KUALA LUMPUR, Jan 16 — The Penang Tolak Tambak ad hoc group today appealed to the Human Rights Commission of Malaysia (Suhakam) to conduct a full investigation of the plight faced by fishermen affected by the proposed Penang South Reclamation (PSR) Project.
Penang Forum committee member Khoo Salma Nasution, when submitting a memorandum to Suhakam over the matter, said the deliberate erosion of fisheries rights posed a monumental threat to the nation’s food security and inflict ‘permanent damage’ on Penang’s richest fishery and sensitive coastal system.
The adverse effect, Khoo added, would harm the livelihoods of some 4,900 fishermen and 500 marine aquaculture operations.
“We call upon Suhakam to advise the Penang state government, developers, government officers and fisheries authorities to respect the fishing communities’ rights and to conduct any consultations fairly and transparently with all legitimate representatives on board.
“Any attempts to undermine the Persatuan Nelayan Pulau Pinang’s collective position by any party in any a manner should be forewarned and investigated,” she said at the Suhakam headquarters here.
Penang Tolak Tambak — an ad-hoc coalition between Penang’s Fishermen Association and Penang Forum — was formed mid-2019 to stop the destructive large-scale coastal reclamation projects in Penang.
Khoo also said they were appealing to Suhakam to ensure that local fishing communities are not disenfranchised of their rights to the fisheries commons which has been a source of livelihood for generations.
“To protect the human rights of the nelayan (fishermen), we call upon Suhakam to conduct a full investigations of the plight of the Penang and Perak nelayan threatened by the proposed PSR project,” she said.
The memorandum submitted to Suhakam today was also endorsed by 36 civil societies group including prominent environmentalist groups such as Greenpeace Malaysia, Sahabat Alam Malaysia and Klima Action Malaysia (KAMY).
The memorandum titled “Reclamation is a Travesty of Environment Justice and Human Rights for vulnerable coastal communities” outlined five issues to be raised to the Penang state government as project proponent and approver of the PSR project.
Suhakam commissioner Jerald Joseph, who received the memorandum, said Suhakam was well-aware of various complaints it had received the past several months over the PSR project.
“We will continue to meet with the stakeholders. We will continue to find out more information as we understand meetings have taken place with the affected NGOs.
“The framework here is transparency and involvement of all stakeholders in the matter,” he said while acknowledging the group’s concerns.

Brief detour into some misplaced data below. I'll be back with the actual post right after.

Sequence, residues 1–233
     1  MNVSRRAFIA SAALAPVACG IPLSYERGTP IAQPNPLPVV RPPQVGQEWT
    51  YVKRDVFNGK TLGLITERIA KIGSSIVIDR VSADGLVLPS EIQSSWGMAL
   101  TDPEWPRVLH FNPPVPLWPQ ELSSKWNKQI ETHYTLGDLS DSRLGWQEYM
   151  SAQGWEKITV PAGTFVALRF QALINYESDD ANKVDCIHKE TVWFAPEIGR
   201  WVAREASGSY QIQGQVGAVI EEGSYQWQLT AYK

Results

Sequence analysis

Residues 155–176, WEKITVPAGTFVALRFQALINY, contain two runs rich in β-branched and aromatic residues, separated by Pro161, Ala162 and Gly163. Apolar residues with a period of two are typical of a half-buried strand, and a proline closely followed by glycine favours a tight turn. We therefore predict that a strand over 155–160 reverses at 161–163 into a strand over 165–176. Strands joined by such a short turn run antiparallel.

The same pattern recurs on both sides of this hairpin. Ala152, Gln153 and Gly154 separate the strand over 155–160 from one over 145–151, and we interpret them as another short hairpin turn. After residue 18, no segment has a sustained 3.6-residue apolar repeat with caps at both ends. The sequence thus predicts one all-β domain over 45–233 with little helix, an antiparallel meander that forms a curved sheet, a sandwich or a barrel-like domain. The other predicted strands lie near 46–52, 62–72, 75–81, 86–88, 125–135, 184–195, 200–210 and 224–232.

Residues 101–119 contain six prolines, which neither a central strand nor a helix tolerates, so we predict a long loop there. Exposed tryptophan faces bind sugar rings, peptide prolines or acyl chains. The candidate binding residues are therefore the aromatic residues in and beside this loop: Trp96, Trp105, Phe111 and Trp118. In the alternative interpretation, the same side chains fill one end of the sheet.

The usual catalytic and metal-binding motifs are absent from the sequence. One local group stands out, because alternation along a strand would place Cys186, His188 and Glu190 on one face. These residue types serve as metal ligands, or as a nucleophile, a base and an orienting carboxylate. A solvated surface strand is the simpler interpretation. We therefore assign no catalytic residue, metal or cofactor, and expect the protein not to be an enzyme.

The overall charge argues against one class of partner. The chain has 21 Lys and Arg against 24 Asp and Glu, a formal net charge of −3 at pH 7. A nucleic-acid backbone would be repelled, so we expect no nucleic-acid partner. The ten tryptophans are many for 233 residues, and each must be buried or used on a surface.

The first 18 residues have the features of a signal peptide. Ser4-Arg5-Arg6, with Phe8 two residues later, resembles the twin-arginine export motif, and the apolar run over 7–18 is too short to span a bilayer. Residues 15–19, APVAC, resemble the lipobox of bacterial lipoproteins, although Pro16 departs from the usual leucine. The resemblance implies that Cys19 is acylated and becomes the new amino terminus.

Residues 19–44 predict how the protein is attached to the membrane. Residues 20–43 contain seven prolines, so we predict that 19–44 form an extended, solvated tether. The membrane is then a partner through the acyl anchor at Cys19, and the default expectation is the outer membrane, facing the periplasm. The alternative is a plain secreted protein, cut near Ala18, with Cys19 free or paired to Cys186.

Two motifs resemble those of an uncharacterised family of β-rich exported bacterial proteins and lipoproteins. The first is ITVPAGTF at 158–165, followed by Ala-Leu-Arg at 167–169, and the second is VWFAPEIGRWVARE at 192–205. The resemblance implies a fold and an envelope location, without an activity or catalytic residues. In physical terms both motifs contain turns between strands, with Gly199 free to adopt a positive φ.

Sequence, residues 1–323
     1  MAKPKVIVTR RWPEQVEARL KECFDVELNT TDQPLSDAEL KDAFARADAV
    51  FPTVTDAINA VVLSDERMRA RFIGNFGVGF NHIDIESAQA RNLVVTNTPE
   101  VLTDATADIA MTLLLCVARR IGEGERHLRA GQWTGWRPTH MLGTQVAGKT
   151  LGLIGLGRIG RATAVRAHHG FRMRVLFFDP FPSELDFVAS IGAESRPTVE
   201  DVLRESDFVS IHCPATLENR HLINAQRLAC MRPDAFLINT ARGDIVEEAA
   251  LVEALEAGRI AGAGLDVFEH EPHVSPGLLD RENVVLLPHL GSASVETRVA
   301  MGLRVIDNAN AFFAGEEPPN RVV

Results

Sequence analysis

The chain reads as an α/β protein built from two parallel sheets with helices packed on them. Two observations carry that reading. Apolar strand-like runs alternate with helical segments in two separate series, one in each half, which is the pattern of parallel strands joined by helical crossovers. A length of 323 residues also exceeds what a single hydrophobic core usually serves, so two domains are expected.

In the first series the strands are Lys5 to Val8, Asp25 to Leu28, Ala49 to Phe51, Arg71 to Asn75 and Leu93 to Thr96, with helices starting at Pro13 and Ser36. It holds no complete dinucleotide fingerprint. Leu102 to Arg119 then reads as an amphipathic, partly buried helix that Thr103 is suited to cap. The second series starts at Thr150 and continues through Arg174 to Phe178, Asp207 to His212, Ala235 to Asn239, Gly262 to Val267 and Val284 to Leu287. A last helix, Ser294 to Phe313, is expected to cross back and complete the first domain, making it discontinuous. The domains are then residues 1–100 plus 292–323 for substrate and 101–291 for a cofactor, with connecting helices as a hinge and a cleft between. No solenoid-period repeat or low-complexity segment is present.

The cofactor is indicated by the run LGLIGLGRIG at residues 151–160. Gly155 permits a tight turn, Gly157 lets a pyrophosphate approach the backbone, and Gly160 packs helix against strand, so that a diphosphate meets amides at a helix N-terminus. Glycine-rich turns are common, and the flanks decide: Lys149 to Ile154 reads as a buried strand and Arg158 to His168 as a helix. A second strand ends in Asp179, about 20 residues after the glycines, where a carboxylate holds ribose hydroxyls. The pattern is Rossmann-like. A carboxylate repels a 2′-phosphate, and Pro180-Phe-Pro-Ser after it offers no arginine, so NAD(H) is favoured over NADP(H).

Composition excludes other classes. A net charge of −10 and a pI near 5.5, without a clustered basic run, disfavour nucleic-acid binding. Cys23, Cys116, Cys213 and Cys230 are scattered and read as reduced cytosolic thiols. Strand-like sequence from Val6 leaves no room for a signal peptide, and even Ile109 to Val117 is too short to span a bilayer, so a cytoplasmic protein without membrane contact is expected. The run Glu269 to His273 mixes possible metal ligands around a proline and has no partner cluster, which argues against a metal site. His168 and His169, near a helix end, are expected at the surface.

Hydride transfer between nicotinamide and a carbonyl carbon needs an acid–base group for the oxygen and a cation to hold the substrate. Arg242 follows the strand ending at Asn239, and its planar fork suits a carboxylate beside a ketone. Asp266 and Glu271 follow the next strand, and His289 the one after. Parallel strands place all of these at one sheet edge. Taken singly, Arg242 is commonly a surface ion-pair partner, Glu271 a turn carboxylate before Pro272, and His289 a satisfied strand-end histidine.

Lawyer Datuk Ambiga Sreenevasan, who is the legal representative for Penang Tolak Tambak, urged the Penang state government to be extremely responsibly by the manner on how they were proceeding with the reclamation plan
“The basis for the reclamation, I am not sure whether it is wholly justified... the Penang Transport Master Plan (PTMP) I am not sure that is a good basis.
“Our concern is that we have the National Physical Plan in place but we are not sure if the PSR have accorded to this plan,” she said.
She also expressed delight that Suhakam was looking into the matter, saying she also hoped absolute transparency prevails as the matter concerned the lives of people living at present time and the future generations.
“I am appealing to the Penang state government to please deal with this issue extremely responsibly in light of climate change and environmental disaster that we are seeing over the world,” she said.
Under the PSR project, the state government is proposing to reclaim 4,500 acres of the sea through three man-made islands south of Penang International Airport towards the east around Permatang Damar Laut to create a land bank to fund the PTMP.
The state plans to sell the reclaimed land to raise funds for the PTMP that includes a Light Rail Transit (LRT) and the controversial Pan Island Link 1 (PIL1) highway.
PIL1 is a 19.5km highway that is estimated to cost RM7.5 billion while the LRT, to cover 29.5km, is estimated to cost RM8.4 billion.
Environmentalists opposed to the PSR project have argued that such a project would adversely impact the livelihood of fishermen and the marine ecosystem in the southern part of the island.
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